Local November 23, 2012 | 10:12 am

Agencies sponsor programs of transparency in public administration in the provinces

SANTO DOMINGO.- The World Bank in the Dominican Republic and the United States Agency for International Development (USAID) today began training in "social auditing techniques for public policy and results-oriented project management" in the provinces of Santiago and La Vega, as part of the programs for strengthening the capacities of civil society organizations that develop both develop cooperation agencies in the country.

Specifically, the program will provide training and technical assistance to civil society organizations in these provinces, so that citizens play an effective role in the transparency of the central government and local government and in the responsiveness of governments regarding the provision of public services and the implementation of the participatory budgeting.

The training will focus on four areas: monitoring the quality of public services, the evaluation of the participatory budgeting process, monitoring of works and project management of social audit.

The activity will take approximately 12 days. In collaboration with local governments, these capacity building programs have proven worldwide to be an effective way to involve citizens in their community projects to optimize the use of allocated funds and improve the quality of programs and services.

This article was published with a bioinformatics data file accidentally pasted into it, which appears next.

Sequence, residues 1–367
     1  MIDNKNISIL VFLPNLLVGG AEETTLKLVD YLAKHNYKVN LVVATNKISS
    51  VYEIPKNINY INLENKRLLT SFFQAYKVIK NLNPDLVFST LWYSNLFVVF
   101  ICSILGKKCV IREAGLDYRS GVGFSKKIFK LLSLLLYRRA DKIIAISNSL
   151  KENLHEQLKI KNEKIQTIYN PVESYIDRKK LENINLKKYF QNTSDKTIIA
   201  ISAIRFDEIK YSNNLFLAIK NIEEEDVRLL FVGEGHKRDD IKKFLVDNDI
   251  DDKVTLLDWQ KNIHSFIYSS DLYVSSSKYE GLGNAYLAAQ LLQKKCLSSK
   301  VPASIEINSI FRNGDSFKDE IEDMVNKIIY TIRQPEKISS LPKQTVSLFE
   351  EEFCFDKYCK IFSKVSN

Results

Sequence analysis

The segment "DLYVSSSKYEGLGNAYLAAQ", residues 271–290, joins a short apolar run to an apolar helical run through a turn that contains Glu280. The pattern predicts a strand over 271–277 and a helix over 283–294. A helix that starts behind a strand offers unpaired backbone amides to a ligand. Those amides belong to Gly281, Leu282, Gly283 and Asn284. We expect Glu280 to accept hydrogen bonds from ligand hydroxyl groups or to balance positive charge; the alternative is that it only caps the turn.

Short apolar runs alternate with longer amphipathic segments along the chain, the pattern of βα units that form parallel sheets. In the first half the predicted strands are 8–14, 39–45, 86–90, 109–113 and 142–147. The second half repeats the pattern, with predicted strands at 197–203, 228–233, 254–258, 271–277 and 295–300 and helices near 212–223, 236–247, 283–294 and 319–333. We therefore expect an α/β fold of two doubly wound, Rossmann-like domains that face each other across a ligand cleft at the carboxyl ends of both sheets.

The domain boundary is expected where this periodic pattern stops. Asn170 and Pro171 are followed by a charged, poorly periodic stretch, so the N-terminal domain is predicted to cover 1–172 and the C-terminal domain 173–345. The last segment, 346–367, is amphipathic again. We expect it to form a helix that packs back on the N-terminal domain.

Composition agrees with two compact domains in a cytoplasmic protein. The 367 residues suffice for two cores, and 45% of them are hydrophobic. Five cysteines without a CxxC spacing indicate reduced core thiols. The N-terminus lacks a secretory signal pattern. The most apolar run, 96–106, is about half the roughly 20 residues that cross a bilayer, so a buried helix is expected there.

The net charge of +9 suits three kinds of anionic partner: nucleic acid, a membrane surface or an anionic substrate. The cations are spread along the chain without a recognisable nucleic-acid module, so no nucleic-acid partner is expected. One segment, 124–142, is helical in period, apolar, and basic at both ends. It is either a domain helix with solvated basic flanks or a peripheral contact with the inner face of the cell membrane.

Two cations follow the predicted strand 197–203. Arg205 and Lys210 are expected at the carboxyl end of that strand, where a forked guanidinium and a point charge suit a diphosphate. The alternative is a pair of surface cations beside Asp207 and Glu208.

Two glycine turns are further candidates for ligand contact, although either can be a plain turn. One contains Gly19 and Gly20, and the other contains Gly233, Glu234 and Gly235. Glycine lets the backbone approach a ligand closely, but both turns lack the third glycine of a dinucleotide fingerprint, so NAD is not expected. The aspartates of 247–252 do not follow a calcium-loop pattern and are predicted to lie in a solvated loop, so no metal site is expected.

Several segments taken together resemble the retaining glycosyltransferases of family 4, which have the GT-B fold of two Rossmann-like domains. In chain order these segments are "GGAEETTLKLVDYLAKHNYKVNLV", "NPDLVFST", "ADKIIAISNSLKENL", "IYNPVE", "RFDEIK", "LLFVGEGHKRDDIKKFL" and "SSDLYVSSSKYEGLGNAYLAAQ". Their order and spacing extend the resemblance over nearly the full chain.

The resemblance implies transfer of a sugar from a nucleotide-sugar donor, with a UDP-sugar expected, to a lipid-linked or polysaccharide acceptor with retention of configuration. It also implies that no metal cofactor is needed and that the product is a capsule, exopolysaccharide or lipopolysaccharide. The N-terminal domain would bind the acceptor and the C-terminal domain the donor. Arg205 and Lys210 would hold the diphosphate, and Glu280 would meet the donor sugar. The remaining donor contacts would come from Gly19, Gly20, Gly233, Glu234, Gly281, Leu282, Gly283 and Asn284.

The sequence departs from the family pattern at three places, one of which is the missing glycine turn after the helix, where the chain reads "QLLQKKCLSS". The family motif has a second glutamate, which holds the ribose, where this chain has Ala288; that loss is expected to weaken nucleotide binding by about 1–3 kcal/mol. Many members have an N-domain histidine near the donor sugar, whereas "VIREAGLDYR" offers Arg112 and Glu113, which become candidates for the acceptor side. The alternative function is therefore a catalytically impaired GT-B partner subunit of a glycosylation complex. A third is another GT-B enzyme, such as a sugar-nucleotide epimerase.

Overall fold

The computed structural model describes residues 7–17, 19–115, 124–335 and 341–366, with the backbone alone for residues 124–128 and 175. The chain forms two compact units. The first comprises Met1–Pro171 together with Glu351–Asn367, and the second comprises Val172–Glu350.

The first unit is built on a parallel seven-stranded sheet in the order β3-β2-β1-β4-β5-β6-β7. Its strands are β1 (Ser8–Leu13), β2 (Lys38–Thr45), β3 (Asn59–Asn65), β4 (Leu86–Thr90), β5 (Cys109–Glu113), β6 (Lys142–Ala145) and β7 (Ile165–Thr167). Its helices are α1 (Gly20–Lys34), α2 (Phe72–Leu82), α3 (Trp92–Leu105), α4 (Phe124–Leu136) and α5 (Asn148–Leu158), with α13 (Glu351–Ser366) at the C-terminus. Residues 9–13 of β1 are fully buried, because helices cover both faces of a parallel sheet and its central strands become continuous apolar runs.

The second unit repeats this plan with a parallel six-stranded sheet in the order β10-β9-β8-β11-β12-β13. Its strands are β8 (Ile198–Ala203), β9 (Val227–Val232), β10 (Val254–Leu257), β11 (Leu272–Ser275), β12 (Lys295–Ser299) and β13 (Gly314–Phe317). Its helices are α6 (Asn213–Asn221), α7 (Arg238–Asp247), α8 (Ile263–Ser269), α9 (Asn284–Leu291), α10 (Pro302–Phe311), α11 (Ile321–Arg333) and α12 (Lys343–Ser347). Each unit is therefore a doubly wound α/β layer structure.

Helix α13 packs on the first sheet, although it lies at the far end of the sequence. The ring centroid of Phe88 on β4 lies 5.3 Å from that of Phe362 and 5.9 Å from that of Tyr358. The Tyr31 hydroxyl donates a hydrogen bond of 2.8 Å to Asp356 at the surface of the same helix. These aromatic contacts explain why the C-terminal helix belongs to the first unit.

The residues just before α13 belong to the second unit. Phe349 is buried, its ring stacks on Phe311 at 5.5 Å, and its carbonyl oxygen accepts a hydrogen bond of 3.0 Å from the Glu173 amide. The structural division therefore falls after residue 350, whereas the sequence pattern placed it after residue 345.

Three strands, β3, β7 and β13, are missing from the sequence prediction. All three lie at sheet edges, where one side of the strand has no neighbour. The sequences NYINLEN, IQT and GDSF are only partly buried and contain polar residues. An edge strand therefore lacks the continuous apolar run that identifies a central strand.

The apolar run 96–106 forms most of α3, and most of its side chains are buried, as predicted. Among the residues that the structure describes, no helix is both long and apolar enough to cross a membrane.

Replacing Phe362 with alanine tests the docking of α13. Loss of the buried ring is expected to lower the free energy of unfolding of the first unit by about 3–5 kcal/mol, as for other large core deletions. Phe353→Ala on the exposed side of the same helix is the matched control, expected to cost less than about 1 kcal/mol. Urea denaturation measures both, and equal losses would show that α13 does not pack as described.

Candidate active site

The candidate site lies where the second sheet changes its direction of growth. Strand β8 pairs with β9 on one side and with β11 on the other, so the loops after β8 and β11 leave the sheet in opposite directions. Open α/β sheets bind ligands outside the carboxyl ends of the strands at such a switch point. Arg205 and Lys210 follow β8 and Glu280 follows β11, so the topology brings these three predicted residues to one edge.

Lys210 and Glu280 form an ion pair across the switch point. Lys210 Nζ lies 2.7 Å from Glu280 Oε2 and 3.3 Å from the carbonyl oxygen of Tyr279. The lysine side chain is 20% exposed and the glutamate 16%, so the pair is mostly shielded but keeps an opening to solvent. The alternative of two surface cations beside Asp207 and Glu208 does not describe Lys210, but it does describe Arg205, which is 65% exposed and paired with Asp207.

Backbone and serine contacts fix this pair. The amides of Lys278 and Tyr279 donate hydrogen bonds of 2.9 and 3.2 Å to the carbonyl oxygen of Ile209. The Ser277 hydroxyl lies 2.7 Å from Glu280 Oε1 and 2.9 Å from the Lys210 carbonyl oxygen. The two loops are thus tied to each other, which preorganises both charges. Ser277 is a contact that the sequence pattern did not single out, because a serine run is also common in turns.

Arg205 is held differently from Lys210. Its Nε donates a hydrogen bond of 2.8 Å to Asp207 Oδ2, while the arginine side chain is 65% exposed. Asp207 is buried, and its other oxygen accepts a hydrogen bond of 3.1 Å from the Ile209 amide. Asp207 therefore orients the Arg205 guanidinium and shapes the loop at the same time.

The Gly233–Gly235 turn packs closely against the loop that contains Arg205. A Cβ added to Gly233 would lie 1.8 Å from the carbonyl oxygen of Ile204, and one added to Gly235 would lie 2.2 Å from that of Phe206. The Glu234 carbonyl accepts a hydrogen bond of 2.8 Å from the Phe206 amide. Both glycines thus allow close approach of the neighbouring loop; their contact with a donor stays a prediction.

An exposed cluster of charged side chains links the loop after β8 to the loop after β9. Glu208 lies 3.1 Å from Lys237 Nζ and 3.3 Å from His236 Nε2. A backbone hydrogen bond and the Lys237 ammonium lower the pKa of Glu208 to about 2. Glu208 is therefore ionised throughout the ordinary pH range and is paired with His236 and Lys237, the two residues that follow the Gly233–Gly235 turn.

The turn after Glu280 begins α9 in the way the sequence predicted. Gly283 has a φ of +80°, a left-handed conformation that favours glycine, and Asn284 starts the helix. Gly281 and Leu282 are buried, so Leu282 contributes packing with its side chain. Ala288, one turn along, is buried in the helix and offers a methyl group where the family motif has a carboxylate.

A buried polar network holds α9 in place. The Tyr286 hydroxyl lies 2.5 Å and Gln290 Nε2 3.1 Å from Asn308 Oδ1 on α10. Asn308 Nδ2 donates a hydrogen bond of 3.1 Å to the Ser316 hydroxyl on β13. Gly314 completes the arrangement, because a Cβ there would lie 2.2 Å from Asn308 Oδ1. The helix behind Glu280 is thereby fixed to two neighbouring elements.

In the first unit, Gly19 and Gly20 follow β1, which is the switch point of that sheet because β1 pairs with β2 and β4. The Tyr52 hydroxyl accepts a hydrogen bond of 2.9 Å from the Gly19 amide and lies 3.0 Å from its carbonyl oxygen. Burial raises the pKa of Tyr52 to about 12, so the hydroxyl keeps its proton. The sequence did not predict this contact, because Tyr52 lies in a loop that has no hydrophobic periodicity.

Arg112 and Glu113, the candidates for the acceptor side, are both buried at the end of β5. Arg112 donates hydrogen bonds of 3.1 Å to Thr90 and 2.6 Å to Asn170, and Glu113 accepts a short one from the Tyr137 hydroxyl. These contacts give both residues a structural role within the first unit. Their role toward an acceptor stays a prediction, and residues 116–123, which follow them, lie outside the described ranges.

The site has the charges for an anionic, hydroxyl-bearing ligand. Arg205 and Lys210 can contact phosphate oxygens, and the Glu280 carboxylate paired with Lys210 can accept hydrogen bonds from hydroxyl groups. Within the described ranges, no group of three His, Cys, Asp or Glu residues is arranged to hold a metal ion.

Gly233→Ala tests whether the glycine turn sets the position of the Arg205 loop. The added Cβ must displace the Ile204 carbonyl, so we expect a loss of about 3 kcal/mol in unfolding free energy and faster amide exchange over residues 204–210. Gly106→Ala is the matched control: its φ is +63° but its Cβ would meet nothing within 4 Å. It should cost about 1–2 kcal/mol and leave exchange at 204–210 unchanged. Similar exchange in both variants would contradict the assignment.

When citizens engage in public administration In Brazil, the municipal expenditure allocated to health and health services increased by more than 6%, and in the municipalities where it is implementing participatory budgeting, universal access to water increased by 33%.

The case of Uganda is more dramatic. Assuming that schools were not receiving the funds and to determine where the funds were going, the World Bank, in collaboration with the government of Uganda, the Centre for Economic Policy Research, and an independent consulting firm, surveyed 250 public schools.

The survey compared the allocations of funds to the central government schools with individual school records. The results showed that only 13% of non-wage funds for education actually reached the schools they were intended for. Most schools did not receive any funds. With this information in hand, parents and teachers were more likely to mobilize and demand the full budget government had promised.

A 1998 survey done by the government found that these measures were effective in increasing the flow of funds to schools. By 2001, 80% of budgeted funds were reaching schools, as scheduled.

The activities in Santiago and La Vega is part of the training program "Social Audit of Public Policy, Project Management and Institutional Strengthening" that has taken place since May, as part of the Strategic Alliance for Transparency Social audit and Improving Governance in the Dominican Republic, that the World Bank and USAID are implementing in the country.

For more information visit: www.fortalecimientosc.blogspot.com

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